Care for poor brings pro­posed tax rate hike

$127 mil­lion county bud­get plan leaves out some other re­quests

Austin American-Statesman - - METRO & STATE - By Claire Osborn AMER­I­CAN-STATES­MAN STAFF

The in­creas­ing cost of in­di­gent health care could cause the prop­erty tax rate for Wil­liamson County to rise by three cents, cost­ing the av­er­age home­owner $41.27 more per year, ac­cord­ing to county of­fi­cials.

Ash­lie Koenig, the county’s bud­get of­fi­cer, said prob­lems in the lo­cal econ­omy — plus three new hos­pi­tals — have in­creased ap­pli- cations for in­di­gent health care through the county pro­gram. As a re­sult, that item in the pro­posed bud­get in­creased $5 mil­lion, to a to­tal of $9 mil­lion.

Koenig pre­sented the pro­posed $127 mil­lion bud­get Tues­day to Wil­liamson County com­mis­sion­ers, who will ap­prove a new bud­get Aug. 31. Last year’s bud­get was $121 mil­lion.

The owner of a home worth $179,749 — the county av­er­age — would pay $939.18 in taxes dur­ing the 2010-2011 bud­get year un­der the pro­posed bud­get. This year the av­er­age tax­able value af­ter ex­emp­tions is $183,285, and the tax bill was $897.91.

The pro­posed tax rate would be 52.25 cents per $100 of prop­erty value, up from 48.99 cents. The bud­get doesn’t in­clude $800,000 that had been sought for in­creased health care costs for county em­ploy­ees or $12,500 to help fund a new po­si­tion for an as­sis­tant to the county’s vic­tim wit­ness co­or­di­na­tor, re­quested by District At­tor­ney John Bradley.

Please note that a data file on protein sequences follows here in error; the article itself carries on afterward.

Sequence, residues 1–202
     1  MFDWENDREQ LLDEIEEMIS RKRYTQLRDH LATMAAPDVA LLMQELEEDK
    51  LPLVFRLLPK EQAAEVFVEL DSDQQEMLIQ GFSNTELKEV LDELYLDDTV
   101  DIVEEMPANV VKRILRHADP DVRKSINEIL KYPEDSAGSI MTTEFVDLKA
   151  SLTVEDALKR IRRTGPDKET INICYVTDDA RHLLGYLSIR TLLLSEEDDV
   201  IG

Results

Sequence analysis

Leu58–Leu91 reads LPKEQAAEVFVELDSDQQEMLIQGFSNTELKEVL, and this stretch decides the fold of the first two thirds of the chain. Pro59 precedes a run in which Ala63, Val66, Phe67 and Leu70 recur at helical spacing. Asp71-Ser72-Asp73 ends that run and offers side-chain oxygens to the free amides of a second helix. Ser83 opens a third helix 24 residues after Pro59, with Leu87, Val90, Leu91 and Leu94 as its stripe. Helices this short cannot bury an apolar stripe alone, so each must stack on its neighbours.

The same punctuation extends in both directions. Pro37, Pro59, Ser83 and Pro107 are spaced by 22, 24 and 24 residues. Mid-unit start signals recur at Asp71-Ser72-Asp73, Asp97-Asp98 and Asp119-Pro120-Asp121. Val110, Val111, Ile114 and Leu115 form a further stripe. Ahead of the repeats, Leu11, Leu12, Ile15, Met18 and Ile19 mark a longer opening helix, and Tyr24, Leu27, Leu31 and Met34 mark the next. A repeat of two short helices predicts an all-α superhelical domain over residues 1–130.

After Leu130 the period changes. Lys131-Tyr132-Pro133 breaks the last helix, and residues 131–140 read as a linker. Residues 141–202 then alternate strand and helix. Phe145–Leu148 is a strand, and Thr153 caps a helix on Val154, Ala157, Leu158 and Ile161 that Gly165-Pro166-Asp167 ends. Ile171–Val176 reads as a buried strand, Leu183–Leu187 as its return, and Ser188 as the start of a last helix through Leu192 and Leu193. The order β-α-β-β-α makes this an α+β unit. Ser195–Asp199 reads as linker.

Bradley told com­mis­sion­ers that the co­or­di­na­tor needs an as­sis­tant to help han­dle the ris­ing num­ber of do­mes­tic vi­o­lence cases. The county is los­ing some cases be­cause it does not have enough staff to work with vic­tims, he said.

This year, the county bud­geted $4 mil­lion for in­di­gent health care and ap­pro­pri­ated $3.1 mil­lion more this spring. Spend­ing is pro­jected to reach $8 mil­lion by the end of this bud­get year, Sept. 30. To save money, com­mis­sion­ers have al­ready elim­i­nated cov­er­age for peo­ple with­out So­cial Se­cu­rity cards.

The state re­quires the county to use some of its gen­eral rev­enue tax levy — up to 8 per­cent — to pro­vide health care for needy peo­ple who qual­ify for the pro­gram. Once that spend­ing level is reached — this year the max­i­mum would have been $11.5 mil­lion, Koenig said — the state be­gins re­im­burs­ing the county for ad­di­tional costs.

Koenig said the pro­posed bud­get in­cludes $460,000 in in­creased fund­ing for cour­tap­pointed attorneys. It does not in­clude pay raises for county em­ploy­ees but does in­clude $371,875 in sched­uled salary in­creases for law en­force­ment.

Two new po­si­tions to pro­vide hard­ware and soft­ware sup­port for the county’s new pub­lic safety sys­tem and one new po­si­tion to help with Emer­gency Med­i­cal Ser­vices billing were added at a cost of $172,000, Koenig said.

Koenig said re­quests from county de­part­ments ini­tially to­taled $134 mil­lion, but she was able to whit­tle them down to $127 mil­lion. County Judge Dan A. Gat­tis said Tues­day he was go­ing to “make a very good ef­fort” to make more trims in the bud­get.

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